Monday, August 13, 2012

No Peace Without Dialog

The Peace Weekly is beginning a series in August on the religions of Korea. The wise words of theologian Hans Kung  introduces the series in the  editorial "No World Peace Without Peace Among Religions: No Peace Among  Religions Without  Dialog Between Religions." In Asia, many ethnically different people are living together, some having been nurtured by quite different cultures and traditions with different religions. Although we have one culture and mostly one basically homogeneous people, Korea has  a department-store-mix of religions co-existing,

Korea is a country where religions live together without conflict. Sociologists explain that this is so because of the balance and number of religions. But insiders say that if we look more closely, we will see a continuing need for reaching out to each in dialog. At anytime a dispute on some crucial issue--religious, social or political--can ignite conflict, now dormant.

An example would be the inauguration of the present government administration, and the conservative Protestants becoming  a religious power, which led to serious conflict with the Buddhists. Another  issue would be the defacing of Catholic statues.

Religions have organizations, structures, teachings, established identities, and in certain areas can't help but be exclusive; this is no reason for bigotry, intolerance and to behave self-righteously, for this isolates religion and harms society. That is why we have to meet and speak with each other.

It's not only important to know and respect other religions. We must learn to see other religions in a new way. Seeing another religion with more understanding we can reflect on our own and see it differently, making it more fruitful. The past president of the Pontifical Council for Inter-religious Dialogue, Cardinal Arinze, said that others could learn from us, and we can learn from them. An example would be the way other religions acculturate their rites into a different culture; such learning would help us to do the same.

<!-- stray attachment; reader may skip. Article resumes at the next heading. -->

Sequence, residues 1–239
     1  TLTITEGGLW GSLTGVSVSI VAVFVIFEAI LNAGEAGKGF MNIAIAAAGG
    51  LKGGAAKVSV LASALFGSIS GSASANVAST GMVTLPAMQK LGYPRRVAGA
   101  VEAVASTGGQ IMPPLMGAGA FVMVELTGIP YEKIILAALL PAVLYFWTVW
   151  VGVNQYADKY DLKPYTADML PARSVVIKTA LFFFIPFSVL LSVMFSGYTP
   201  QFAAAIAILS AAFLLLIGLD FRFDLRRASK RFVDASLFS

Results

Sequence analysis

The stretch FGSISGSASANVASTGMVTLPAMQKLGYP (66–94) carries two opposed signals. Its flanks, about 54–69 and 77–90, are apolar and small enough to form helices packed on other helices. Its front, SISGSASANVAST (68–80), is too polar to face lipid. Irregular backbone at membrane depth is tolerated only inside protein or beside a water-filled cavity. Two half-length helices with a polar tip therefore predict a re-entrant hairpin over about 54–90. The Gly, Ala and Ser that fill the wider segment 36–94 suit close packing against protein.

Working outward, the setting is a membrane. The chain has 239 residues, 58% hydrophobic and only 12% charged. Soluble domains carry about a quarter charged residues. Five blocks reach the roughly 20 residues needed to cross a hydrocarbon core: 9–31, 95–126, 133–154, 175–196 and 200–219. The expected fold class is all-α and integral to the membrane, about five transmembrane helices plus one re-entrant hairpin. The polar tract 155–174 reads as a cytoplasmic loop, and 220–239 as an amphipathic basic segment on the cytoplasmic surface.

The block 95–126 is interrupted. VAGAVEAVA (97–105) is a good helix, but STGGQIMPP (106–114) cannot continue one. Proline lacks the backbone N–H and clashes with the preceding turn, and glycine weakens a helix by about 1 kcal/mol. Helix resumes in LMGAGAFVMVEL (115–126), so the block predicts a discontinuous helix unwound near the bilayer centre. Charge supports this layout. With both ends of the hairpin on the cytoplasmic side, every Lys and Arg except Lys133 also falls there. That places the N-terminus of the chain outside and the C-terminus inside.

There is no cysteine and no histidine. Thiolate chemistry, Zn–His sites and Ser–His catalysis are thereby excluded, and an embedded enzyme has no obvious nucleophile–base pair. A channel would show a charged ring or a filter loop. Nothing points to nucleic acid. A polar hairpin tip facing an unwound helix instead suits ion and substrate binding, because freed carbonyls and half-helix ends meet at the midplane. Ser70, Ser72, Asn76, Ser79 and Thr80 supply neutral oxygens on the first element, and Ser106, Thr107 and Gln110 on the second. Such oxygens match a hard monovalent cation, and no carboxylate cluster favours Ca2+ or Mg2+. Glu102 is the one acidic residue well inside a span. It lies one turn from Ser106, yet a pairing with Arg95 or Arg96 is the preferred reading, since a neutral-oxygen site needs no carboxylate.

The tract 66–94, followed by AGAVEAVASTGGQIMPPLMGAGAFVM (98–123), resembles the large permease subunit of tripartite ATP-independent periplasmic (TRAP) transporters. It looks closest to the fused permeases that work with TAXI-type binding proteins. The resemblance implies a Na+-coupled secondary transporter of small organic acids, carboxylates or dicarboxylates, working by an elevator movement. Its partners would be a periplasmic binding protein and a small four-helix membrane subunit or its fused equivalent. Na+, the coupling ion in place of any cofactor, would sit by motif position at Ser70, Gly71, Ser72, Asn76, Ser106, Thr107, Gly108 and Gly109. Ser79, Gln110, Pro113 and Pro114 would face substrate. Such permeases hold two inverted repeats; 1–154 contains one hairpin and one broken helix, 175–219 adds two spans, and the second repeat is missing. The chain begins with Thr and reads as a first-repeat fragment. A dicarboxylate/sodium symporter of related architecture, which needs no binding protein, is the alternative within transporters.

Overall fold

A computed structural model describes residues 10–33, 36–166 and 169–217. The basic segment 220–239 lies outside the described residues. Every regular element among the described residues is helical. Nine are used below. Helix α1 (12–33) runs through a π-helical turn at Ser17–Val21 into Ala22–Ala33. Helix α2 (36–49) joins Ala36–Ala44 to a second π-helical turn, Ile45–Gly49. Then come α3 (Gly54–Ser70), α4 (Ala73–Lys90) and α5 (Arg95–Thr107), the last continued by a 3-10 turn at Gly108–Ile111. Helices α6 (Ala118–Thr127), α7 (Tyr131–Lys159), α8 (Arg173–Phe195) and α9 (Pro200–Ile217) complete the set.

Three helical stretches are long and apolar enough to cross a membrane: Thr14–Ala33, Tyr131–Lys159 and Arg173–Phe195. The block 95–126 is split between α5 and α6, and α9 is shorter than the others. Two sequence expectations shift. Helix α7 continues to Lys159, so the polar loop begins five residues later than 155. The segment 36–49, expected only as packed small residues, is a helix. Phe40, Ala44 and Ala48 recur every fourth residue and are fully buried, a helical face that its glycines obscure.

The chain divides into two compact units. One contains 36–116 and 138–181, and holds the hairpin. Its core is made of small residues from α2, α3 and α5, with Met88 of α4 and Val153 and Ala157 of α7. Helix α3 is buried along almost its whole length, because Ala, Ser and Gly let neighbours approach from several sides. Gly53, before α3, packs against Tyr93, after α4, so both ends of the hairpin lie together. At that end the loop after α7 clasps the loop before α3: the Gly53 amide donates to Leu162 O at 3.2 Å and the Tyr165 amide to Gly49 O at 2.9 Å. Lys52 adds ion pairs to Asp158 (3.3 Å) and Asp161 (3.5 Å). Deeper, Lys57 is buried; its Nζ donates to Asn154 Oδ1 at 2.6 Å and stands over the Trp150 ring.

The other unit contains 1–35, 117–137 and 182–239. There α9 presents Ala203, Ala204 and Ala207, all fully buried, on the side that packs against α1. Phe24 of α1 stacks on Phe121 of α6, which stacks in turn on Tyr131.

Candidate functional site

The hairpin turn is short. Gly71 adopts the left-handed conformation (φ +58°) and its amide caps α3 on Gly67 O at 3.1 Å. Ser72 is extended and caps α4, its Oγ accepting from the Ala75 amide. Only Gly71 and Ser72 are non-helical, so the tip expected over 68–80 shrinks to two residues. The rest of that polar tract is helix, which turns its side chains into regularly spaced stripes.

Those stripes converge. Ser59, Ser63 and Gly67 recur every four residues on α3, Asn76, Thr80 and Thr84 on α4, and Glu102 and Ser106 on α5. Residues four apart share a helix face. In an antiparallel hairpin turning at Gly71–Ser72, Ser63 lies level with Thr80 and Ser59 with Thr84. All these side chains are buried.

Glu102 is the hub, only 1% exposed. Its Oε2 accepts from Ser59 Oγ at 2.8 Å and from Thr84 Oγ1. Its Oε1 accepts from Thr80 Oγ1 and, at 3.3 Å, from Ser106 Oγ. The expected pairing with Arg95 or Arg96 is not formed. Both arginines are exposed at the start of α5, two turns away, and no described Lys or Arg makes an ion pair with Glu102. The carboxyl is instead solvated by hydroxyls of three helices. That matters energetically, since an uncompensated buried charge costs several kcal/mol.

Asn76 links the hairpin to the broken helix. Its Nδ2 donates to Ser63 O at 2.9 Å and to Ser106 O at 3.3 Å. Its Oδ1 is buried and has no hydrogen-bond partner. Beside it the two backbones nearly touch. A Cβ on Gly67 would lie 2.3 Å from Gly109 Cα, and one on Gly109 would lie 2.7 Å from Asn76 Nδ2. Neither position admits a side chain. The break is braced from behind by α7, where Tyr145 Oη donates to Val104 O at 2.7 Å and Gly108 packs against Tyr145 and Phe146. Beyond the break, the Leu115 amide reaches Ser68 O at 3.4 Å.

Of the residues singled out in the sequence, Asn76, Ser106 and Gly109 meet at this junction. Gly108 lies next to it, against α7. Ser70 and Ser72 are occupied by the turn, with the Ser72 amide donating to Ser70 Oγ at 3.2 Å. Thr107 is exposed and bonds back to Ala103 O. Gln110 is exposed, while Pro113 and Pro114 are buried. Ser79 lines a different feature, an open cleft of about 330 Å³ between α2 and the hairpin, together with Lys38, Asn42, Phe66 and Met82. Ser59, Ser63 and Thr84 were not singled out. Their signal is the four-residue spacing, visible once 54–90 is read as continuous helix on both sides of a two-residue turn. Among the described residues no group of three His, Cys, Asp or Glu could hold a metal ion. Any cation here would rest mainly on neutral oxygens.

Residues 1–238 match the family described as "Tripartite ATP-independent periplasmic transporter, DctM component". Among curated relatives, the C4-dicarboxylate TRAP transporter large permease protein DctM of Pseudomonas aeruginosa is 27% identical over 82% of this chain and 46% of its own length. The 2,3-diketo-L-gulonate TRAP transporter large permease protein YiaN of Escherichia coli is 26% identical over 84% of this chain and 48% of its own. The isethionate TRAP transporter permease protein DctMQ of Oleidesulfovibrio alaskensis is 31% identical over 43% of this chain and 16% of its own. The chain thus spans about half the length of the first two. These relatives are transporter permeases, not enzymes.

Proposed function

The meeting of religions can do much for national unity and peace. All religions are similar in their regard for the poor and in condemning discrimination and violence. To follow this golden rule requires that we meet and talk together, sharing ideas on how to implement these moral concerns within society. There is no reason to see this dialog as difficult. In our neighborhoods and communities, we need merely to open our hearts to others and be welcoming, and in the parishes on Buddha's birthday, to send messages of congratulations to the nearest temple.

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